Baking challenge: deep and dark and velvet – chocolate cheesecake

Denser than a black hole...but probably smoother

Denser than a black hole…but probably smoother

This post is part of my personal challenge to bake my way through all the challenges of the Great British Bake Off. The challenge below is the signature challenge for week six (dessert week) of series two: a baked cheesecake.

I’m not a cheesecake lover, especially not the ice-cold, slightly crumbly wodges of dense cream cheese served up by chain cafes around the world. And yet cheesecake is, simultaneously, very dear to me, because, since childhood, my father would always order me a slice of cheesecake, or Black Forest cake, when we were in a cafe together. It became so routine that, despite not particularly liking either bake (chain cafe Black Forest cake being typically sandy, somewhat dry, punctuated by a gloopy layer of tinned cherries of cheap cherry jam), I would ask for either whenever I was with him. Even a few years ago, when we were at the British Library cafe, I asked if he wanted cheesecake. “You’ve always really liked cheesecake,” he said happily, as he polished off about 99% of the little cake. I smiled to myself and kept mum – but really, I have no idea how this conviction that I love cheesecake began.

It took a bit of work to find a cheesecake recipe I wanted to bake, and eat, for my little baking challenge, still chugging along. I’ve owned Marian Keyes’ Saved by Cake for a pretty long time, and in fact I bought it (after borrowing a copy from the library) without having read a single of her novels (I’ve since read Watermelon). I was equally charmed and bemused: Keyes is a vibrant writer and this cookbook certainly showcases her voice and dark humour. Well-known for her struggles with alcoholism, Keyes came to baking as a hobby when she was suffering an intense depression. She started to bake and it became a sort of lifeline or pressure valve, bringing her back from the brink of suicide. Cake is serious stuff – although she is clear that baking wasn’t a cure, but a way of occupying herself until such time as she became well again. Indeed, Keyes has said she no longer bakes as it reminds her of the terrible depression she suffered.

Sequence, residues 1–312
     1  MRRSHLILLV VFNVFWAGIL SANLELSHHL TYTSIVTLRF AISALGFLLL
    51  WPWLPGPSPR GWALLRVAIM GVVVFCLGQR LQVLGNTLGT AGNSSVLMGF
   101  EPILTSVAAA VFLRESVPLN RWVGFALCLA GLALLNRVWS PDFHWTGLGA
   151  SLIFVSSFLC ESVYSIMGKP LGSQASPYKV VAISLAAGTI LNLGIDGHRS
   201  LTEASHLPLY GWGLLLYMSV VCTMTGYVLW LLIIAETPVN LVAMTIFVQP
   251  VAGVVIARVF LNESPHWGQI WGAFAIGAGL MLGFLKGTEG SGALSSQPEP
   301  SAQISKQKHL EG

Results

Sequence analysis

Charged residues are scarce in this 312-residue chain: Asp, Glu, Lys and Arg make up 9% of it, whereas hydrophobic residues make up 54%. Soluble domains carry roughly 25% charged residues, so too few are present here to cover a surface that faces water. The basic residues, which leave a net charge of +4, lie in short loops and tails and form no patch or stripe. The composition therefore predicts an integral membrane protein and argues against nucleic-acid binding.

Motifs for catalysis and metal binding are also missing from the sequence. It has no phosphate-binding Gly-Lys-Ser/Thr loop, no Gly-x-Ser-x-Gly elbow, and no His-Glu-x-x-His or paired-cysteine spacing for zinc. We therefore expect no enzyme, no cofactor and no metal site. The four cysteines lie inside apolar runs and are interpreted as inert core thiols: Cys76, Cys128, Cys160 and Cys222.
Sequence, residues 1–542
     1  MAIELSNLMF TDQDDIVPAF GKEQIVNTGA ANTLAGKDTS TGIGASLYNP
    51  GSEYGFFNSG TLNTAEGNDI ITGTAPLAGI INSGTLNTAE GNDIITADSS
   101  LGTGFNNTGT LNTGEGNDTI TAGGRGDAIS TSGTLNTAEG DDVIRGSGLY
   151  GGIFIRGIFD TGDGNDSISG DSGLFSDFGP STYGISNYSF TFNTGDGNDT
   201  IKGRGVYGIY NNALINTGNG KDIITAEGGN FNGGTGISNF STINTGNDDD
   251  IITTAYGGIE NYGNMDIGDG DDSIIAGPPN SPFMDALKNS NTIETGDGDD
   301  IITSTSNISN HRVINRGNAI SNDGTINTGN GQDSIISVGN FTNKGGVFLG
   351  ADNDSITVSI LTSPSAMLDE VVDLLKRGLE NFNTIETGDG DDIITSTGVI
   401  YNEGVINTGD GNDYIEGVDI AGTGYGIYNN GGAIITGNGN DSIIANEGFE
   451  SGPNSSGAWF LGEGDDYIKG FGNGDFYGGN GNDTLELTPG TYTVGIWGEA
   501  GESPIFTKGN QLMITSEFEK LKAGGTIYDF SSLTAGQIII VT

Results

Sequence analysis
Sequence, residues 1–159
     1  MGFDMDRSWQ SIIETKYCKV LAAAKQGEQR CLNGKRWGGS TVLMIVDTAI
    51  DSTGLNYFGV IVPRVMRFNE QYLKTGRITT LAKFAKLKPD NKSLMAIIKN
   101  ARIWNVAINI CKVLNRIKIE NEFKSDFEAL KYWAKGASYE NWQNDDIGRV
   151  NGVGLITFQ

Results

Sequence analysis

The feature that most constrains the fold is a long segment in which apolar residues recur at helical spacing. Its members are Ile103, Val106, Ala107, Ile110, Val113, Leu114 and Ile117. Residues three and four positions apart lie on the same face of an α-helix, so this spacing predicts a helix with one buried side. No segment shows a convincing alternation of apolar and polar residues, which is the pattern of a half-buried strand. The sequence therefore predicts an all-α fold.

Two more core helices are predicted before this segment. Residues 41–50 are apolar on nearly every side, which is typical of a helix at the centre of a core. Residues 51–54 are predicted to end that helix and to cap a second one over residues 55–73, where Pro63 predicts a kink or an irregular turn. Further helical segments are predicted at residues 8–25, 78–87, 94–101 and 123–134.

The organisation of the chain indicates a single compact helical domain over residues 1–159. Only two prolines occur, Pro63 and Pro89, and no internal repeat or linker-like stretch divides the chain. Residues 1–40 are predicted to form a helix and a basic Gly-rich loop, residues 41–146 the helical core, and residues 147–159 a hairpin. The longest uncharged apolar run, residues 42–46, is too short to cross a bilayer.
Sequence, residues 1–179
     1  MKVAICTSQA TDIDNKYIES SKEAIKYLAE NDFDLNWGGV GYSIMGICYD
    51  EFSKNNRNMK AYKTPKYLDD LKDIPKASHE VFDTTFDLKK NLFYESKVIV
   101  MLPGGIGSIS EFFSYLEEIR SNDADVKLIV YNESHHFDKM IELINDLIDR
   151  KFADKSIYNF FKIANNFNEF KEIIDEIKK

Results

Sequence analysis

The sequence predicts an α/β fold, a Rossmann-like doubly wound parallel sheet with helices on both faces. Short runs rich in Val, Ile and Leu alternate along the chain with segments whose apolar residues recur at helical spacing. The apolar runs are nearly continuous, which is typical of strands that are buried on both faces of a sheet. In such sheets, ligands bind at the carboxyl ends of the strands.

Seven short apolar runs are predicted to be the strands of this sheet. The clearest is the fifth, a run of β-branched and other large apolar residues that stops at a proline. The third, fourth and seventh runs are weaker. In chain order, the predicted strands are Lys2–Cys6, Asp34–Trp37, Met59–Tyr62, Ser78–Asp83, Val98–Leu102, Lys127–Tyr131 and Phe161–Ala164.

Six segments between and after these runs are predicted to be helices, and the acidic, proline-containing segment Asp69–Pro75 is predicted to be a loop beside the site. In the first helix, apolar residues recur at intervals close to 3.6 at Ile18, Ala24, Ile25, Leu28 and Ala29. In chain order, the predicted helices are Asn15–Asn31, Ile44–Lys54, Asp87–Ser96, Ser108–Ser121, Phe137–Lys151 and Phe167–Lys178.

And yet, despite the unusual, and dark, provenance of this cookbook, there is a deftness and a lightness of touch, and an unashamedly acquisitive joy in baking and in the fun and sheer silliness of it. Keyes likes bright colours and edible glitter and uses them with abandon: her bakes sparkle. She is not one for pretentiousness or being bogged down in pared down, minimalist portions of dessert, and she is not above using commercial products such as packets of lime jelly. The idea that sloshing in half a bottle of blue icing into whipped cream might be a touch declasse is not one that would resonate with Keyes. And there is a reason Keyes is a popular, bestselling author: she has that uncanny ability that many writers lack to pin down an exact word or phrase which describes something perfectly, and allows you to build a perfectly clear picture in your mind of what something is like. It was her description of her Black Hole Chocolate Cheesecake – “like being punched in the stomach by a chocolate-flavoured fist” – what made me decide to make it for the baked cheesecake part of my baking challenge.

Crust, oven, table. Plus added chilling time

Crust, oven, table. Plus added chilling time

I was rewarded, because it was worth eating, despite not being a natural fan of the cheesecake. The texture of this is delightfully smooth, without any jarring, dry crumbliness, with interest provided by the crisp crust, which is made with both traditional digestives and melted dark chocolate. I sometimes find cheesecakes, especially commercial ones, to be somewhat acidic, but the sharpness of the cream cheese was tempered by mascarpone and double cream, so that it complemented, rather than competed with, the chocolate then poured in. I was surprised that the final colour was somewhat light – a deep and polished chestnut rather than chocolate labrador, but the taste is gratifyingly rich.